Education, training and work

The cultural, institutional and political frameworks of education, training and work, as well as the scope for action by individuals and groups is a field of research with great social significance. Gender, class, ethnicity and regional differences shape the choices, agency and education opportunities of individuals as well as the emergence of differences and hierarchies. Globalisation, migration, individualisation and changes in social control also have their effects on both unifying and disruptive factors.

Research in education focuses on the moral priorities of upbringing, the relationships between homes and educational institutions, and on educational forms of youth activity. The premise is to acknowledge young people as partners in the process of upbringing and as active, spontaneous actors in society. Focus areas include the living conditions of children, young people and families; parenthood; the social standing of young people; child welfare; pupil welfare in schools; civic and adolescent education and forms of civic activity spontaneously developed by young people.

Research in training is focused on the changes in the requirements placed on learning, competence and cognitive, skill-related and moral qualifications. The study of these areas emphasises education policy, different educational institutions, organisations, and the new relationships between education and work. Analysis is focused on the cultural and social hierarchies that arise in education and activate the differences and possibilities for community between social groups, genders and ethnic groups. Education is examined as a historically changing phenomenon that regulates the everyday lives and life choices of individuals, while simultaneously enabling emancipatory states in them.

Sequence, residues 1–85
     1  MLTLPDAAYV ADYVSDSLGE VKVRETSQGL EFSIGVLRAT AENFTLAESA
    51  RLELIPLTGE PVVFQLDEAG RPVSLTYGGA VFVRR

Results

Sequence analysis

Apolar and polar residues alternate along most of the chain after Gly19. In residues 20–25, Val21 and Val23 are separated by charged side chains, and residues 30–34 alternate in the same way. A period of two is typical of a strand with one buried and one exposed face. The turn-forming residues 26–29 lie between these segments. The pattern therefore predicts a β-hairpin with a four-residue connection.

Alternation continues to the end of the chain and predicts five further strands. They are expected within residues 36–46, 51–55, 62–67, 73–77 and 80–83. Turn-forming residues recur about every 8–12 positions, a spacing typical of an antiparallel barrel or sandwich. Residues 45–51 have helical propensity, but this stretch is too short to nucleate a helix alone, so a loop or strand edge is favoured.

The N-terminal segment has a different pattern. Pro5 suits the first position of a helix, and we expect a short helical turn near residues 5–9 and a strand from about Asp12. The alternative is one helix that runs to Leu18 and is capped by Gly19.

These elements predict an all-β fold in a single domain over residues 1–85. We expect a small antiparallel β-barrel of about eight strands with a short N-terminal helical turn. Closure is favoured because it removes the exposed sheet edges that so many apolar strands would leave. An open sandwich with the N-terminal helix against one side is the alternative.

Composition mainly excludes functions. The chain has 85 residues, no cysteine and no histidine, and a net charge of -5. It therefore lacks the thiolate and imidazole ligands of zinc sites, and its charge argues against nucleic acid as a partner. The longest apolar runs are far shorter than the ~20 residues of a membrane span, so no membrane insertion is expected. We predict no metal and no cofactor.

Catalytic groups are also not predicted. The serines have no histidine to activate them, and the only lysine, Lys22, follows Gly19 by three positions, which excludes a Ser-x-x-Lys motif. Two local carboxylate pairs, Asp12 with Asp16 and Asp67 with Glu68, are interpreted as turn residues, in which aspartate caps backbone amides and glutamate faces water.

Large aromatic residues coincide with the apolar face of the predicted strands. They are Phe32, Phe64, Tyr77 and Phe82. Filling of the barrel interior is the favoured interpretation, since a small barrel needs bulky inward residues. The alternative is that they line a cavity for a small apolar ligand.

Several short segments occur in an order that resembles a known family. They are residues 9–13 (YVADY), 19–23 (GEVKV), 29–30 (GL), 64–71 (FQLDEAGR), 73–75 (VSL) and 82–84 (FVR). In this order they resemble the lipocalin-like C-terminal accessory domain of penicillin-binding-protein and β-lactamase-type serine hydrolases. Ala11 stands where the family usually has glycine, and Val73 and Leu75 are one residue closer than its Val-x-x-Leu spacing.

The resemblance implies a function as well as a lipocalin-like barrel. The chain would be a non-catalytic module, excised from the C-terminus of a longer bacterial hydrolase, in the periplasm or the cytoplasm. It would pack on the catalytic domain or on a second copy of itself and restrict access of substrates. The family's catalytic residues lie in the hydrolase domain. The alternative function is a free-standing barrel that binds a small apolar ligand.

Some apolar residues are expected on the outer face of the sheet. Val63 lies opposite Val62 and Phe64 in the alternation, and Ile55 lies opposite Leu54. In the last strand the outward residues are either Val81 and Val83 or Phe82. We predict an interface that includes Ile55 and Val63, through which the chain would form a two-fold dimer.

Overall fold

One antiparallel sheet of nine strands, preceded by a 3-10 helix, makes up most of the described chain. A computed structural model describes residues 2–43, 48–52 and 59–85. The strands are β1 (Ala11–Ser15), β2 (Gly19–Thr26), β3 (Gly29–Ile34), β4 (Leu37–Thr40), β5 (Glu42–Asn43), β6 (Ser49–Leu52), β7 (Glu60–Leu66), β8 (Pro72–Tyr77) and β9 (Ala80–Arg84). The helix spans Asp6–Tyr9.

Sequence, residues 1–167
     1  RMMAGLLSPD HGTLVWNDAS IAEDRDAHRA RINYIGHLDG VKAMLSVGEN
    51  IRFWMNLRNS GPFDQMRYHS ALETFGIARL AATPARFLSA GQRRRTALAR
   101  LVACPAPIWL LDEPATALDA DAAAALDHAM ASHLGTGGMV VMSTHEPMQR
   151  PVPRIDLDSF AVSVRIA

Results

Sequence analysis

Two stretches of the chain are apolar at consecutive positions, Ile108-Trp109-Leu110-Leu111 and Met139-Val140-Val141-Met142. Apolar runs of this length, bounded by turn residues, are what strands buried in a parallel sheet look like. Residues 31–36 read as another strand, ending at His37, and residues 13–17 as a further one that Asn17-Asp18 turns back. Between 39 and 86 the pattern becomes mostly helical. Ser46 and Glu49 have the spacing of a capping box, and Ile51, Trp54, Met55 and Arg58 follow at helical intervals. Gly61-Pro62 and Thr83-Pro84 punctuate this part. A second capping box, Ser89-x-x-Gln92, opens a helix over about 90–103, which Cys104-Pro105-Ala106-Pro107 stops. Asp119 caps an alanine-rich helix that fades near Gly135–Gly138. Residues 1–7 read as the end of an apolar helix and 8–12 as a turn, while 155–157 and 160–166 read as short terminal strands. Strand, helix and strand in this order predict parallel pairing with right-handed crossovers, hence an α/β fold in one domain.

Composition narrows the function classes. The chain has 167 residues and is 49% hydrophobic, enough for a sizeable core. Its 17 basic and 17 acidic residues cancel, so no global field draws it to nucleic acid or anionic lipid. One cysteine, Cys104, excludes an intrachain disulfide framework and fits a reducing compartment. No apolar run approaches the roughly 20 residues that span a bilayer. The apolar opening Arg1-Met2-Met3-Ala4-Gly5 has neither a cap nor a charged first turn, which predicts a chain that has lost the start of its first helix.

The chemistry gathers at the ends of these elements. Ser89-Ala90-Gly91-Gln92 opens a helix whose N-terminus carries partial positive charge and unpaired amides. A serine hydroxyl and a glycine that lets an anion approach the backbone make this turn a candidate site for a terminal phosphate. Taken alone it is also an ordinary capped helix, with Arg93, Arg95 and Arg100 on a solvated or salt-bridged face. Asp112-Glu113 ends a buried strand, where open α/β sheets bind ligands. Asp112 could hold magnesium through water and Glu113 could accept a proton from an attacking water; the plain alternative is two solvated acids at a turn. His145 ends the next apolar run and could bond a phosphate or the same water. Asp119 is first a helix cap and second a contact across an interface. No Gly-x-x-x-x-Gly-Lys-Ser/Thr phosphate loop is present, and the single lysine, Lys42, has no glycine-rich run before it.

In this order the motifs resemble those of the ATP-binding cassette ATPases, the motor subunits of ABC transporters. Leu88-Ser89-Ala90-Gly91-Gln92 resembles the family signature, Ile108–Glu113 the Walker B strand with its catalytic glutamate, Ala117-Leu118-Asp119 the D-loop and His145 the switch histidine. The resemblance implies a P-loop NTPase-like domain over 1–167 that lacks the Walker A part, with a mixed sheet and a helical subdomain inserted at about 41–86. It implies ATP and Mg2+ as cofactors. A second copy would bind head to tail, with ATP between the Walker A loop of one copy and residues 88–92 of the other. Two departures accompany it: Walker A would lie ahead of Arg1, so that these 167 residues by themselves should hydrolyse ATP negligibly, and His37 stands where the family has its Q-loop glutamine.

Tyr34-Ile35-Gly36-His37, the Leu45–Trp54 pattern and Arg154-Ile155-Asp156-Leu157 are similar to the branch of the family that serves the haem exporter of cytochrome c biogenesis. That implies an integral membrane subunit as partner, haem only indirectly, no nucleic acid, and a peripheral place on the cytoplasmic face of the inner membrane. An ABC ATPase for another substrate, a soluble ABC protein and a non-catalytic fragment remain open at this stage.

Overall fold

Research in work is increasingly focused on the provision of services and care as well as on the creation of innovations in addition to traditional manufacturing. Focus areas include new forms of work; the changing relationships between work and education; the fragmentation of careers; social inequality; well-being and emotions at work and inclusion in the workplace. The new international division of labour, new forms of work (particularly the increasing share of what is termed immaterial labour) alter the work and livelihoods of people. The ideal of free mobility, the feminisation of the labour market and content of work, changes in family structures and new forms of care both reinforce and undermine gender roles. The change in the population's age structure and new arrangements in the system of public services transform the organisation of care and the nature of the care received, desired and provided by people. Care is studied as a part of global production and the global economy as well as its local and everyday arrangements, from the perspectives of both the providers and recipients of care.

The Department of Social Sciences has a tradition of successful research projects, follow-up studies and publications in upbringing, education and work research. The department has consolidated close cooperation relationships with the Philosophical Faculty and Karelian Institute of the University of Eastern Finland and with national organisations and international scientific networks beyond the university.